Purdue scientists reveal how bacteria build homes inside healthy cells

Bacteria are able to build camouflaged homes for themselves inside healthy cells - and cause disease - by manipulating a natural cellular process.

 
Purdue associate professor of biological sciences Zhao-Qing Luo, at right, and graduate student Yunhao Tan look at the growth of Legionella pneumophila bacteria in a petri dish. (Purdue University photo provided by Laurie Iten and Rodney McPhail)

Purdue University biologists led a team that revealed how a pair of proteins from the bacteria Legionella pneumophila, which causes Legionnaires disease, alters a host protein in order to divert raw materials within the cell for use in building and disguising a large structure that houses the bacteria as it replicates.

Zhao-Qing Luo, the associate professor of biological sciences who headed the study, said the modification of the host protein creates a dam, blocking proteins that would be used as bricks in cellular construction from reaching their destination. The protein "bricks" are then diverted and incorporated into a bacterial structure called a vacuole that houses bacteria as it replicates within the cell. Because the vacuole contains materials natural to the cell, it goes unrecognised as a foreign structure.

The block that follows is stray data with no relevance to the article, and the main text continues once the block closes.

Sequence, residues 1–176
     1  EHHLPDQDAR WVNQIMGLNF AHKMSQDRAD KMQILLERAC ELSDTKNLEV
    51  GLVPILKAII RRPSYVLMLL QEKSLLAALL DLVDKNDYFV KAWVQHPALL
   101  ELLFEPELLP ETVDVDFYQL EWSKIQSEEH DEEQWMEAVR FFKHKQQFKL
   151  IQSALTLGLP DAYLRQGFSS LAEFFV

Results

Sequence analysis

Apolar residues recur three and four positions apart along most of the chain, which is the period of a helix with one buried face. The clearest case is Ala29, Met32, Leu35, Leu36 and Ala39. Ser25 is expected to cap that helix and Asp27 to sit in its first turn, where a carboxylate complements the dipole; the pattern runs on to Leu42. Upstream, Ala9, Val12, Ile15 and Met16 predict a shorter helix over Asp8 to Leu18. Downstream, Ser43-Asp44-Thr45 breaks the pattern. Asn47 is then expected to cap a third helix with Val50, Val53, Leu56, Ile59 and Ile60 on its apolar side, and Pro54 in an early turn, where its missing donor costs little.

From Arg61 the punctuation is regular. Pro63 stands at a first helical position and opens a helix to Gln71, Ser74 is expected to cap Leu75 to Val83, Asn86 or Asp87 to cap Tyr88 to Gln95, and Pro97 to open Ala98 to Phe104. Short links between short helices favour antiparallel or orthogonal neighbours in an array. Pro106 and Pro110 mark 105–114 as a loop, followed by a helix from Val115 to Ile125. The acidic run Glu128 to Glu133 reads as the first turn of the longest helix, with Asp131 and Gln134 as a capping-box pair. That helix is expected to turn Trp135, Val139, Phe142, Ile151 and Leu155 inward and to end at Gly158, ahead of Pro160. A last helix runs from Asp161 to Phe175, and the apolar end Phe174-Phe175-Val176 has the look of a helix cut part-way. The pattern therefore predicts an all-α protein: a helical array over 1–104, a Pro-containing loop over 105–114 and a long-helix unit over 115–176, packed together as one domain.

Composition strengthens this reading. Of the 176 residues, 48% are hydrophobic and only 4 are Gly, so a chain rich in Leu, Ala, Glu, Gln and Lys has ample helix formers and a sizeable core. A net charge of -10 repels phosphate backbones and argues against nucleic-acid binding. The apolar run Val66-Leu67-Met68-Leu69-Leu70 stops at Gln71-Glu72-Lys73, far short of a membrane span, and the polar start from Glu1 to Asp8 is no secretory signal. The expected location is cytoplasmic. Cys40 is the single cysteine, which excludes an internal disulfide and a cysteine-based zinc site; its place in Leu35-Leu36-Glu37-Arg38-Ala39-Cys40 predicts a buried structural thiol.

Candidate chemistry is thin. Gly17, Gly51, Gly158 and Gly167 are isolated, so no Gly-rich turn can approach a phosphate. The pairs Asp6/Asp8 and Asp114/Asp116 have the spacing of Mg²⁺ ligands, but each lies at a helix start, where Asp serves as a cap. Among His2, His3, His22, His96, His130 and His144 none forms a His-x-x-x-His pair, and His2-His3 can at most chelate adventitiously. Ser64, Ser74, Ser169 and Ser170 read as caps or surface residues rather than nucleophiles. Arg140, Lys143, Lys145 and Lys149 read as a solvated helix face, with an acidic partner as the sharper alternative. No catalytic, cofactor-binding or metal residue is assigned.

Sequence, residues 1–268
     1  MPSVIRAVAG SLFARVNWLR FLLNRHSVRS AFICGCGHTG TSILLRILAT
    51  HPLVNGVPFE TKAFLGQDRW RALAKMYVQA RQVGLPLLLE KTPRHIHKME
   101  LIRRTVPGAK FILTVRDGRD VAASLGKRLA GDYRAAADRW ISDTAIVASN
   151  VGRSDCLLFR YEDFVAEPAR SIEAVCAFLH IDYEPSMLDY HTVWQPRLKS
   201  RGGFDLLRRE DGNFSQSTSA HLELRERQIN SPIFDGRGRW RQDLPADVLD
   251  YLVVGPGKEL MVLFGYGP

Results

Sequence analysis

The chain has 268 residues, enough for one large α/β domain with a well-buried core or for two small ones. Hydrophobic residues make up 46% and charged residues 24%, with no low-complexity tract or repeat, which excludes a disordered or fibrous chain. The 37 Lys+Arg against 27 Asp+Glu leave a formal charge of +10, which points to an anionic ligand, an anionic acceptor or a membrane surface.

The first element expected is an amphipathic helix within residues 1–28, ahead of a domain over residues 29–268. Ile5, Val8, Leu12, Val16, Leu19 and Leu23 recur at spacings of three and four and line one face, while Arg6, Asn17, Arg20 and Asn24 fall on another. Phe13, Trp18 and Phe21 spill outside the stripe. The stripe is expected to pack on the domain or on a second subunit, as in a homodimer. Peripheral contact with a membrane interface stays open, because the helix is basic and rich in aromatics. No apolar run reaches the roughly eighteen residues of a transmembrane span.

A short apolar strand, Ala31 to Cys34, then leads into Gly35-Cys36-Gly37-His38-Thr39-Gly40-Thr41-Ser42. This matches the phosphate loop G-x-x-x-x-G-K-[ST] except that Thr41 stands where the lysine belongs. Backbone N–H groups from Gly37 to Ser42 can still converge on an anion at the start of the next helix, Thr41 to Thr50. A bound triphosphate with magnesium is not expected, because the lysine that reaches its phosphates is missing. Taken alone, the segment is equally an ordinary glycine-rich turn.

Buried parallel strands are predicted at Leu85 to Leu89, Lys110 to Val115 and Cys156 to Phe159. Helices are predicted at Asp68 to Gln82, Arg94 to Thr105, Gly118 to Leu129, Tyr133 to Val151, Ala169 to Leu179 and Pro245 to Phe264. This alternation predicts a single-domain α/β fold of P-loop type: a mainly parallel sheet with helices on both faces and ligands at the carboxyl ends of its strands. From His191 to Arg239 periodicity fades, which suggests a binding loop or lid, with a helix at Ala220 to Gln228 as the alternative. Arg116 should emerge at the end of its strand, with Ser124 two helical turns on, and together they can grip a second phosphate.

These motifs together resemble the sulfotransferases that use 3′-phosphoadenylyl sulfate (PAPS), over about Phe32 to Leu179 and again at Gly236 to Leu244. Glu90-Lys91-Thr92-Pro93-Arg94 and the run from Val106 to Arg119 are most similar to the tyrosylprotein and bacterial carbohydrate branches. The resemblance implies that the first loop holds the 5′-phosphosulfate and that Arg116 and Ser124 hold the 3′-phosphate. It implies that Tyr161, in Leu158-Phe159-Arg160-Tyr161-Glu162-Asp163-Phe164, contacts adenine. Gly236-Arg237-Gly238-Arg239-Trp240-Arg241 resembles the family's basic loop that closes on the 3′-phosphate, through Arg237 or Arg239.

"The bacterial proteins use the cellular membrane proteins to build their house, which is sort of like a balloon," Luo said. "It needs to stretch and grow bigger as more bacterial replication occurs. The membrane material helps the vacuole be more rubbery and stretchy, and it also camouflages the structure. The bacteria is stealing material from the cell to build their own house and then disguising it so it blends in with the neighborhood."

The method by which the bacteria achieve this theft is what was most surprising to Luo.

The bacterial proteins, named AnkX and Lem3, modify the host protein through a biochemical process called phosphorylcholination that is used by healthy cells to regulate immune response. Phosphorylcholination is known to happen in many organisms and involves adding a small chemical group, called the phosphorylcholine moiety, to a target molecule, he said.